Twenty-five-year-old actress Samaire Armstrong has an announcement to make, and it might horrify some people.
“I’ve decided that I’ll never do another scary film,” she recently declared, her voice cracking. “No way.”
Perhaps that statement will only truly horrify Armstrong’s agent. Nonetheless, it’s a startling pledge from an attractive, teen-movie-ready actress at a time when flicks like “Texas Chainsaw Massacre” and “When a Stranger Calls” are transforming starlets like Jessica Biel and Camilla Belle into hot commodities in Hollywood. Armstrong seems sincere, however, as she promotes her nightmarish movie “Stay Alive.”
“I really didn’t fully think out how I was going to deal with this,” the former co-star of “The O.C.” explained. “I really don’t like scary movies, and it’s becoming more and more clear every time somebody asks me [about 'Stay Alive' that] this is an actuality: I’ve made a scary movie and I need to deal with it. But I can’t watch it. And when people ask me questions, it’s like, ‘Oh God, I have to relive these events.’ ”
The monster who seems to be spooking Armstrong is the Blood Countess, a 17th century noblewoman who haunts Armstrong’s character, Abigail, and her friends (including Sophia Bush and Frankie Muniz) through a videogame that causes actual, as opposed to virtual, death. The game, of course, is the teen-targeted creation of a team of Hollywood writers. The legend of Countess Elizabeth Bathory-Nadasdy, however, is quite real — some scholars contend that she was a primary source for Bram Stoker’s “Dracula.”
“She [was] the serial murderer of her time,” Armstrong said, taking a deep breath. “She was a Transylvanian countess who opened a finishing school to kill young girls and drain their blood and bathe in it. (‘Stay Alive’) transforms that scenario to New Orleans.”
In order to master the compulsory “scream queen” shriek, Armstrong only had to contemplate the fact that Countess Bathory once walked the earth. And in order to play a gaming enthusiast, the actress had to make up for a lack of experience that has rendered her unable to distinguish “Final Fantasy” from “Frogger.”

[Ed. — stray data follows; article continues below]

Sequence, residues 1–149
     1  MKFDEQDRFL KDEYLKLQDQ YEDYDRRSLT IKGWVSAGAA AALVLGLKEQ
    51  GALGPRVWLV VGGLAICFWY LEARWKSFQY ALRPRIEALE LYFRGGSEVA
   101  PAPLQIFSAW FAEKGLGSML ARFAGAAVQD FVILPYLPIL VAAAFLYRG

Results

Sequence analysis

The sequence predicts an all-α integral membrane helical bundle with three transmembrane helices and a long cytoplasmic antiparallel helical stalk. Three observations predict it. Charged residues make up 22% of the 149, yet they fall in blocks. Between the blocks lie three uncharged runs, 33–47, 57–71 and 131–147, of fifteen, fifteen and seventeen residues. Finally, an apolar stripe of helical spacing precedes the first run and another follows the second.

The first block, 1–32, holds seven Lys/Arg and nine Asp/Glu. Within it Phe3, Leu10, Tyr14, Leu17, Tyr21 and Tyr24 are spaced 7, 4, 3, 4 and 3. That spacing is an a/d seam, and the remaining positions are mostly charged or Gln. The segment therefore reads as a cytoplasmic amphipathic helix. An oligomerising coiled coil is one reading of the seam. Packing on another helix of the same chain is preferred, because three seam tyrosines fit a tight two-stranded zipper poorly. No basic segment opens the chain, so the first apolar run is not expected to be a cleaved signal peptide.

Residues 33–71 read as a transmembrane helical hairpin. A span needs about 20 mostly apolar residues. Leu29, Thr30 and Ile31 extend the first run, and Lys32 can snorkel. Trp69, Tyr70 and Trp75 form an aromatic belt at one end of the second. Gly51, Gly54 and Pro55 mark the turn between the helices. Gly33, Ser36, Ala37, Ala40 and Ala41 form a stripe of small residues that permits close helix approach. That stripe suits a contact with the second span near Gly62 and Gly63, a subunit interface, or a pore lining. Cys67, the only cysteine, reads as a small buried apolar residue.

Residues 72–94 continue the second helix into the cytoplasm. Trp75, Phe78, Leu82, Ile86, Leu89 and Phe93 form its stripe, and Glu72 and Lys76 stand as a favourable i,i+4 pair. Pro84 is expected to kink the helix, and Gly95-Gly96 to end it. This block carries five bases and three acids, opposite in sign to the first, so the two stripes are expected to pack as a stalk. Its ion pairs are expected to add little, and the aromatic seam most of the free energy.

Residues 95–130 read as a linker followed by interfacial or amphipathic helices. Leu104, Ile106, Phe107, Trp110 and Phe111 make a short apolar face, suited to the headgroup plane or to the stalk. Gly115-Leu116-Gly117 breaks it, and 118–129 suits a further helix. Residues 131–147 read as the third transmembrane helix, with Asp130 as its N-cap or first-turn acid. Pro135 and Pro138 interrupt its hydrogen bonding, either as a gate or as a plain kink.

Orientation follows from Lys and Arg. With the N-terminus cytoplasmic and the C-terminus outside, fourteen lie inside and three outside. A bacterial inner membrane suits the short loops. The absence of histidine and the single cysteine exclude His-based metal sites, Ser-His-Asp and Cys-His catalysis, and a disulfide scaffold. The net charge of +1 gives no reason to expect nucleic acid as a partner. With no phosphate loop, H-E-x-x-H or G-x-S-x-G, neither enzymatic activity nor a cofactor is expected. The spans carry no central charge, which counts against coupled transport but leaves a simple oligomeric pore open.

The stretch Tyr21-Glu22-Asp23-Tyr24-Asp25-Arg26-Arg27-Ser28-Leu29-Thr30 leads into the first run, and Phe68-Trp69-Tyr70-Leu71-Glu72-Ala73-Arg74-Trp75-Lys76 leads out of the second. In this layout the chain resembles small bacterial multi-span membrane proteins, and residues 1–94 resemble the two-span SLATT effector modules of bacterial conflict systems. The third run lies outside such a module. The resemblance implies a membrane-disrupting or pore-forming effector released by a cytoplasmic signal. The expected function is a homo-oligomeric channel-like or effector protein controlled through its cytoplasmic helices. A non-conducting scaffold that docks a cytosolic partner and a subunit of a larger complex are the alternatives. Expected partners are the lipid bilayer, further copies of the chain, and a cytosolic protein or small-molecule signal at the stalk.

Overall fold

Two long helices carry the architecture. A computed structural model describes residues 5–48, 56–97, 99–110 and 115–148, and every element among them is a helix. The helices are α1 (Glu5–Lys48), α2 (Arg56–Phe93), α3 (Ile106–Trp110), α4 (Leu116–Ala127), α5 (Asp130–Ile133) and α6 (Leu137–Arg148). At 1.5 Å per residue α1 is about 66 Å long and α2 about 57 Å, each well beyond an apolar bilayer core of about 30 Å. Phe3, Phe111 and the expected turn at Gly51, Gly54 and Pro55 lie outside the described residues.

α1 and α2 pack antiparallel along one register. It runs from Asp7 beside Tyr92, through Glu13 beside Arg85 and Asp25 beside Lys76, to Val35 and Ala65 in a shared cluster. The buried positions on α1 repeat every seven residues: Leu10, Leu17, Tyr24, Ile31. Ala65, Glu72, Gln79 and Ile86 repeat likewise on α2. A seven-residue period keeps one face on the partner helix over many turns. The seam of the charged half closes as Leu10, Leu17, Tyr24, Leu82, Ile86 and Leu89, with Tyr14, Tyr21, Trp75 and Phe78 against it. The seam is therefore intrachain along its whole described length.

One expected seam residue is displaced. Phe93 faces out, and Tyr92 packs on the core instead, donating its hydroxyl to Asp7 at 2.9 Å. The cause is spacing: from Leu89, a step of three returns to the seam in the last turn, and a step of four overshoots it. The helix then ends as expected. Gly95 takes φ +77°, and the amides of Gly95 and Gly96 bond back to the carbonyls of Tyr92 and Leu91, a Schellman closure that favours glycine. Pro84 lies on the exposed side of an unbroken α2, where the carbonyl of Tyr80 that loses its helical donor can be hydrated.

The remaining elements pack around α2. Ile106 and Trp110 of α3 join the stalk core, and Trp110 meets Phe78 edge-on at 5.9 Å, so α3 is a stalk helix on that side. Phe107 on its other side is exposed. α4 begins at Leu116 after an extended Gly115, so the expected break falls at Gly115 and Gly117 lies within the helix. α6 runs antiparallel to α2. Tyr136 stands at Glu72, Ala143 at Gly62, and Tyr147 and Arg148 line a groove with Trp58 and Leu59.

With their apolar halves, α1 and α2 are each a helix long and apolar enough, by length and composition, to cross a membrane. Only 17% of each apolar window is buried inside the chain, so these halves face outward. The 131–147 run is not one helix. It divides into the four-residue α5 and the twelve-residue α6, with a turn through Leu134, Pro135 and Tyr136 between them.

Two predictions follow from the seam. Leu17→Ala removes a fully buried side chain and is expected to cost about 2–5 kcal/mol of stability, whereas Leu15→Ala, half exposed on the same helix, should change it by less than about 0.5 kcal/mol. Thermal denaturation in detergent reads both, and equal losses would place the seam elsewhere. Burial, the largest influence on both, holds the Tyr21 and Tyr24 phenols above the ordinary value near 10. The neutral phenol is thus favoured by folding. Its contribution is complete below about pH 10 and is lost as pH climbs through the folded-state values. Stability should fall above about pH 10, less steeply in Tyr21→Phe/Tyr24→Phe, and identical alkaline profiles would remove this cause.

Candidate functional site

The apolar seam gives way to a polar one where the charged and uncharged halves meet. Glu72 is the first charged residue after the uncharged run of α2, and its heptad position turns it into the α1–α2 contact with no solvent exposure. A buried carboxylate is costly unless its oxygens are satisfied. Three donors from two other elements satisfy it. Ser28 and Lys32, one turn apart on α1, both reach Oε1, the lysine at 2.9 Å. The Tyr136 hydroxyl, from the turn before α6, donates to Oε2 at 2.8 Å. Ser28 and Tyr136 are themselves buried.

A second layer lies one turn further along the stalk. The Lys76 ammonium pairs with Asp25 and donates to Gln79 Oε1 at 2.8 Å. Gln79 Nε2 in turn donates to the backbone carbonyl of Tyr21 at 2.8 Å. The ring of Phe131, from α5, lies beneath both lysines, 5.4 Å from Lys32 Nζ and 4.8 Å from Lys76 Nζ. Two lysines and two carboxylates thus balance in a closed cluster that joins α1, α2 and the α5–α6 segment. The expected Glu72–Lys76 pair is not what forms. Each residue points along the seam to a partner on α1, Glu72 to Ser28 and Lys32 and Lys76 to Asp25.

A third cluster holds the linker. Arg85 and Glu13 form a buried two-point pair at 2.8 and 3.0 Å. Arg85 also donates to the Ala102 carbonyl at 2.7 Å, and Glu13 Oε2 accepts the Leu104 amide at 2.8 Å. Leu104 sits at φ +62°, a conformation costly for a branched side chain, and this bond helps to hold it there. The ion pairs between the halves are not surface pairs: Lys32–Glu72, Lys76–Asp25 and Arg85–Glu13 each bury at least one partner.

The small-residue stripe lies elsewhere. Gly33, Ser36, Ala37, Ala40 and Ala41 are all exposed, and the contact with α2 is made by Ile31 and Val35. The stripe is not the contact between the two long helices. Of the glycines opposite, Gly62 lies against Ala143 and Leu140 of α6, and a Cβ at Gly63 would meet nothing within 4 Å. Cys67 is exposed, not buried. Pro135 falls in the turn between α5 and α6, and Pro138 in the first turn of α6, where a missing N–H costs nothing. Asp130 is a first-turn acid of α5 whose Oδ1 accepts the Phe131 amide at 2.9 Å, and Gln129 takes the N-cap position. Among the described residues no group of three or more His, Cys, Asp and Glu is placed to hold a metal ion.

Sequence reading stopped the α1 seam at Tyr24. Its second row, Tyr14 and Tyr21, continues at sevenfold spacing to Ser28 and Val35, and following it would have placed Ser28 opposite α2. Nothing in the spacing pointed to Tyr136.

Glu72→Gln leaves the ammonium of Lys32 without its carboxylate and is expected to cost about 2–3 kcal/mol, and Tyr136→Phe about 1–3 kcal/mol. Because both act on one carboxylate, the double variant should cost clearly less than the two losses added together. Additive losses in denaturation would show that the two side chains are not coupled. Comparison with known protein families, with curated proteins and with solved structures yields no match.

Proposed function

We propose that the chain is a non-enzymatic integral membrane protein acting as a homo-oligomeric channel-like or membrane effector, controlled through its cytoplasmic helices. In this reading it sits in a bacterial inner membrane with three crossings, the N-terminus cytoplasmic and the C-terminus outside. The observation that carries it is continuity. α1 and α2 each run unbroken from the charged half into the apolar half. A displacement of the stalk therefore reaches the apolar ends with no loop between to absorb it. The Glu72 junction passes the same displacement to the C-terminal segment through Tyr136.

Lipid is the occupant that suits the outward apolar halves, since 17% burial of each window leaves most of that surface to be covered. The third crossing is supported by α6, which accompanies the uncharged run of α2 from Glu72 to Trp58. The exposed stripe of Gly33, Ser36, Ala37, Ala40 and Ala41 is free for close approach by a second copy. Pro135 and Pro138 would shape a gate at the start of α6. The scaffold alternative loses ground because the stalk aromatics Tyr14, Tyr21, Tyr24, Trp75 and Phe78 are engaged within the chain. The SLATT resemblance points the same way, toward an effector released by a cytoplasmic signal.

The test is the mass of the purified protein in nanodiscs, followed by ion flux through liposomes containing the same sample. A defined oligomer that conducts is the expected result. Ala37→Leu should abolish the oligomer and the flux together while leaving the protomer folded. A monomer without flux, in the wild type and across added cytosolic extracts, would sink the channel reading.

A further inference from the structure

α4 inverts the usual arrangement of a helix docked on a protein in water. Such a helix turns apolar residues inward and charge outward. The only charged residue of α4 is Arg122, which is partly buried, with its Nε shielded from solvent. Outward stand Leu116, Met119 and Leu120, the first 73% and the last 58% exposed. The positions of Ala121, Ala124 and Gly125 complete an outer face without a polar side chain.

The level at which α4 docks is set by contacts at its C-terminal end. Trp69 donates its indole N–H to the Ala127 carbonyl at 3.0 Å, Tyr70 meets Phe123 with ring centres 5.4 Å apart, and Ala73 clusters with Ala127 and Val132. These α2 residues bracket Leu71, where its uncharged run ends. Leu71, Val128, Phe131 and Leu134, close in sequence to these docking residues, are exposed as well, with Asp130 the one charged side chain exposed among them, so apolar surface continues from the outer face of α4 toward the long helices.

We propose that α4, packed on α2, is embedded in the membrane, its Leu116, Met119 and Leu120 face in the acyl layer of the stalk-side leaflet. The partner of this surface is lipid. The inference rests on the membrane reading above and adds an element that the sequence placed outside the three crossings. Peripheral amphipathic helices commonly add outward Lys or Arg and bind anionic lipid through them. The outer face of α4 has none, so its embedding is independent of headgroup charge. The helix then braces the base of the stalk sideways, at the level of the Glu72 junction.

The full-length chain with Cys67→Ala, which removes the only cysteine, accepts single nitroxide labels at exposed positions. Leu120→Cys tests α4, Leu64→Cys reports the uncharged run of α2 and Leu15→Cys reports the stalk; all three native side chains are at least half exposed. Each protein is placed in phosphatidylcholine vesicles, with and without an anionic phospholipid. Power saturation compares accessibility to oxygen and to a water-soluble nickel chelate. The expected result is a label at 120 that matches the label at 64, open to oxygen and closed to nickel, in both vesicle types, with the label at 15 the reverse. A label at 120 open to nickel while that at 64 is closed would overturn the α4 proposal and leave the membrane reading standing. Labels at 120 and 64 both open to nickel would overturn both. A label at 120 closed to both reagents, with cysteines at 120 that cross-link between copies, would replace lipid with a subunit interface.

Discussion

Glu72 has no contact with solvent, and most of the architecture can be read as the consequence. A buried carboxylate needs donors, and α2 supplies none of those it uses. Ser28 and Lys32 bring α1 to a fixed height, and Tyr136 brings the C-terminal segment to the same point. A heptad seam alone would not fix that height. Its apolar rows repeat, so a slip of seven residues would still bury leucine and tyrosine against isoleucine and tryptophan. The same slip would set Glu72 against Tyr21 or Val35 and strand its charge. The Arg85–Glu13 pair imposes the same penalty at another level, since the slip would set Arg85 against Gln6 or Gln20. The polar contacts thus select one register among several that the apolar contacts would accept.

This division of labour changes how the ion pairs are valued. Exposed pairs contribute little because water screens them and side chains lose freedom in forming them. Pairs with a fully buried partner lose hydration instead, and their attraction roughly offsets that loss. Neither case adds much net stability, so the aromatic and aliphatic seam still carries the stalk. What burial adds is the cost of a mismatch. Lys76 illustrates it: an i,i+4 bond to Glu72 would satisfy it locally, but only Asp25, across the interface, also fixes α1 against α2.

“I don’t play,” she admitted. “I used to hate being ignored by boyfriends who would play. I did like to play with the kids who played on the set a little, but I mostly watched. I really hate losing, and I don’t have the patience to understand the instructions.
“Maybe if someone made a video game [about] pink pretty things, I’d play it,” Armstrong laughed.
If she did play, however, Armstrong insisted that the last game she’d ever go near is the “Stay Alive” video game. “No way. You could die! You’re at a creepy cemetery on a plot of land that you have to explore, which belongs to the countess. There’s these children [you encounter] and you don’t know if they’re good or bad or if you should help them or not, because they might kill you. Then there’s this dungeon that you get stuck in. You’re unraveling the life and the existence of the countess, and what each thing represents in her life, and [you have to figure out how] these tools [work] to keep your life.”
Armstrong is particularly impressed with one of her co-star’s desire to make his first horror role a memorable one. “Frankie Muniz is amazing at everything he does,” Armstrong marveled. “Many people don’t know that he can play the piano like you wouldn’t believe, and he can bowl and play basketball like you wouldn’t believe. He was really diligent about the work that he put into it, because he wanted to make sure everything he did was right.”
With Muniz intent on being taken seriously as a horror star, and Armstrong and Bush attempting to bring realism to the portrayal of game-savvy young ladies, “Stay Alive” required a bit more effort than typically associated with slasher flicks. As such, Armstrong is proud of the final horror movie of her career (or so she claims).
In the near future, Armstrong said, she’ll do her best to avoid thinking about “Stay Alive,” as well as look for some more romantic-comedy scripts (she teamed with Lindsay Lohan for May’s “Just My Luck”), and bypass scary movies and videogames altogether.
Asked if there were any games that she would be willing to play, Armstrong thought for a moment and then named the least scary one she could think of. “Tetris,” she laughed. “I like that game because you have to be quick on your toes, and I like shapes.
“I’ll do intense characters and roles, but no supernatural [roles]. ‘Stay Alive’ is the only one,” Armstrong insisted. Then, as if to convince herself of her resolution one final time, the actress uttered another sentence you aren’t likely to hear from any other Hollywood actor anytime soon.
“Hopefully,” she giggled, “there won’t be a sequel.”
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